The thing that got men interested in it was that it’s actually really easy to grow and it’s completely biodegradable and compostable.

I decided that I wanted to investigate it in order to see if I could potentially use it as packaging for my watering system.




I start by brewing 2 litres of tea and then dissolving some sugar.
I pour the mixture into a bowl and add some cider vinegar. After that I add the scoby. Once I have done that, I cover the bowl with a cloth to stop any interference with the growth.


After a couple of weeks a thick skin will have been created on the surface of the mixture. At this point it is ready to harvest.
The microbial leather starting to grow on the surface.
This is the fully dried microbial leather.
It can be cut and manipulated like normal fabric.
It can be pressed onto forms to create a seamless shape.
My microbial farm.

Clay Prototypes

The next prototypes that I attempted to make were made from air dry clay.

I measured out some paper templates and then rolled out my clay and started cutting my clay.

The idea was that I would cut out the pieces and then I could stick them together somehow.

The problem was that as the clay shrunk as it dried, it started curving slightly making it useless. With hindsight I probably should have weighed it down with something but I didn’t think to do so at the time.

These are the pieces of air dry clay I ended up with. Sadly they really didn’t fit together at all. 

The next attempt saw me trying to make a completed box with the clay whilst it was still wet. I did end up with a box and it did sort of work but it wasn’t really as precise as I wanted it and so I didn’t deem it suitable to work.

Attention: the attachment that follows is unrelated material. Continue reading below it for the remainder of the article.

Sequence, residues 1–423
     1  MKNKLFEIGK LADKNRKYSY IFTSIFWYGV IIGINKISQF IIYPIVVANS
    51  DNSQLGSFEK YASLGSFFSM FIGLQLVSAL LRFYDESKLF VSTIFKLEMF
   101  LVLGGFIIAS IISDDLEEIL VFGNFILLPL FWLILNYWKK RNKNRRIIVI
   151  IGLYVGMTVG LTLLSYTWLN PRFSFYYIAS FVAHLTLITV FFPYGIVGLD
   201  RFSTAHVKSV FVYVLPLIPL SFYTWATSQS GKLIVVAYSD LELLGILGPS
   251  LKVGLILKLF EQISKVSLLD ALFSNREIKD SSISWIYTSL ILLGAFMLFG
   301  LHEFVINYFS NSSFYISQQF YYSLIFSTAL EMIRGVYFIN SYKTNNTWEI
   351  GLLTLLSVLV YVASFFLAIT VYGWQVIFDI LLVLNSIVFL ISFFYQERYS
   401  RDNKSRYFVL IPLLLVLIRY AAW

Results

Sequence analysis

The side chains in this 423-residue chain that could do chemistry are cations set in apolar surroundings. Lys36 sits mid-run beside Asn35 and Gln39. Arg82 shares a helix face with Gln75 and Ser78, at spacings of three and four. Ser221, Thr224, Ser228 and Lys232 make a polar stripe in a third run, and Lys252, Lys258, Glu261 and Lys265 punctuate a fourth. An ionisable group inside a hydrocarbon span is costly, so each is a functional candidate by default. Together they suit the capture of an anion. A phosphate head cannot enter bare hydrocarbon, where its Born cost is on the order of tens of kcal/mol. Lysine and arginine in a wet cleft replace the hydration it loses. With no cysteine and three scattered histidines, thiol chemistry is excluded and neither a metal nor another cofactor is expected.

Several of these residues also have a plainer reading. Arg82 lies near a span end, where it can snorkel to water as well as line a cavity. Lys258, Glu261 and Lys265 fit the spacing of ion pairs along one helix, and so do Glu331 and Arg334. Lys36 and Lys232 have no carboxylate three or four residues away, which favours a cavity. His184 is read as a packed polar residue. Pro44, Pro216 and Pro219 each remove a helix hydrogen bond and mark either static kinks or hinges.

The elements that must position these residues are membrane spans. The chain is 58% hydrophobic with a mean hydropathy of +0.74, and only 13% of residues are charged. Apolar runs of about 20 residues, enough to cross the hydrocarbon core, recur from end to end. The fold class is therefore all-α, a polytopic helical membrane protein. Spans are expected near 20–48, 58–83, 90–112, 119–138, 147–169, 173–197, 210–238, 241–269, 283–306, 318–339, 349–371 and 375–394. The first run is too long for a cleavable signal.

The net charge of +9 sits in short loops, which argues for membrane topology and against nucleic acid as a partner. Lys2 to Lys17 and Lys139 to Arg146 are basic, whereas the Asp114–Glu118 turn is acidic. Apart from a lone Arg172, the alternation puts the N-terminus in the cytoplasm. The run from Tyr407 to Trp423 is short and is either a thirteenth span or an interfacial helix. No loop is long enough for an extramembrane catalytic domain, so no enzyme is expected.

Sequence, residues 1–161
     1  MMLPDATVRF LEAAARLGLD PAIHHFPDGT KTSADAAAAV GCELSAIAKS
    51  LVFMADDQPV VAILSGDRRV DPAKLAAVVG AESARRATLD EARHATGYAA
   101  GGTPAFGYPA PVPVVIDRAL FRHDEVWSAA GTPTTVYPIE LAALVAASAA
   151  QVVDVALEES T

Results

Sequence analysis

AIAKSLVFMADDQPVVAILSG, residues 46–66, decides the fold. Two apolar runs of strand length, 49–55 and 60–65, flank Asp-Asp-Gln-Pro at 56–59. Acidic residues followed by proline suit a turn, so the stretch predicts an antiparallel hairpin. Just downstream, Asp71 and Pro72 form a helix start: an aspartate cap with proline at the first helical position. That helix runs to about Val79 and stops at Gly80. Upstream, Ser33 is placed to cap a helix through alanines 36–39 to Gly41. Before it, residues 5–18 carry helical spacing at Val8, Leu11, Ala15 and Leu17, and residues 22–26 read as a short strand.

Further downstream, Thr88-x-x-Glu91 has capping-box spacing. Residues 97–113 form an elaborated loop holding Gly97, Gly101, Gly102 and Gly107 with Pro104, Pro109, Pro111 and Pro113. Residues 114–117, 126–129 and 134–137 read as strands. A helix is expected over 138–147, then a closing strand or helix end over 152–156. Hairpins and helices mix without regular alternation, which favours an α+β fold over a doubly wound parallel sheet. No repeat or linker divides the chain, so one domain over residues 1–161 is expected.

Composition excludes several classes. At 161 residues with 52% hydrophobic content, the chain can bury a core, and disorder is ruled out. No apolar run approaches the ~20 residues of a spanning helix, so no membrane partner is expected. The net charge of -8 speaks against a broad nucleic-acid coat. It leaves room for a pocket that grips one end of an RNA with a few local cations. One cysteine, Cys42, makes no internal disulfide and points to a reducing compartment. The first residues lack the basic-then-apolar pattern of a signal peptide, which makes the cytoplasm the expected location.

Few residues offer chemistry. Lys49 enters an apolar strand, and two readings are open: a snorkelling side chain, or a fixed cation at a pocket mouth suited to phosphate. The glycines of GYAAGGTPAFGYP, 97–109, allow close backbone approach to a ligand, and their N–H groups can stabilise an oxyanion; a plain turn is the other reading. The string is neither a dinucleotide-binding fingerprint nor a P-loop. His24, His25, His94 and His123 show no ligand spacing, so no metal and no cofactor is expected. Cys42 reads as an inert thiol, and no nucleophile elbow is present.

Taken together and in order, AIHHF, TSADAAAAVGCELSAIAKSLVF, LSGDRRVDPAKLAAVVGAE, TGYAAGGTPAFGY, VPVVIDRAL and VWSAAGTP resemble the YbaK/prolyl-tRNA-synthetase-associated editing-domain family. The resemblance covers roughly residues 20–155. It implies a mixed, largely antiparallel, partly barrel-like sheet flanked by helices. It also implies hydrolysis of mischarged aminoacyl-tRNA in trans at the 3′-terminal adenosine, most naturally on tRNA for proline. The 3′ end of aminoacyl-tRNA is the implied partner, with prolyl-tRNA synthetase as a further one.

I think really for the level of precision I wanted, I should have used the laser cutter to cut some wood but due to poor planning and being too nervous to use the laser cutter, I ran out of time.

Making a Wooden Prototype

The next thing that I wanted to do for my project is make a wooden prototype. Unfortunately I didn’t take all that many photos mostly because I was doing it at home over the holidays and I was alone.

To make my prototype, I got a sheet of plywood (bad choice, I know) and made my measurements. Unfortunately at this stage I had not learned how to double check if my rectangles had right angles so I’m pretty sure some of them were off.

Once I had done that, I cut the pieces using a jigsaw. I don’t think I did too badly considering I have never used a jigsaw before but I know some of the pieces were a little off.

After that I glued the pieces together using some wood glue and used my clamps to hold it together.

As a final touch I cut a plastic bag to fit the interior and stuck that in using the glue and some double sided sellotape.

My wooden prototype that has some pansies growing inside it. 

Abraham Cruzvillegas

When I went to the Tate Modern just over a year ago the exhibit in the Turbine Hall was a giant installation by Abraham Cruzvillegas. At first it seemed to be a load of planters in a tiered formation.

However after reading the description, I realised that all the different sections with soil taken from different places in London and it was almost like an experiment to see if anything would grow.

This is the picture of the installation from the Tate website. It was only after reading about it that I really appreciated really liked this piece of work. 

Some of the planters had a lot growing in them whereas some of them, had nothing at all. I also really liked how DIY the whole thing felt since it was built with scaffolding and mismatched lighting. It was all very low tech.

I really like the thinking and the attitude behind it, that you don’t need some big sciencey set up to do this, and it’s really encouraged me with my own work.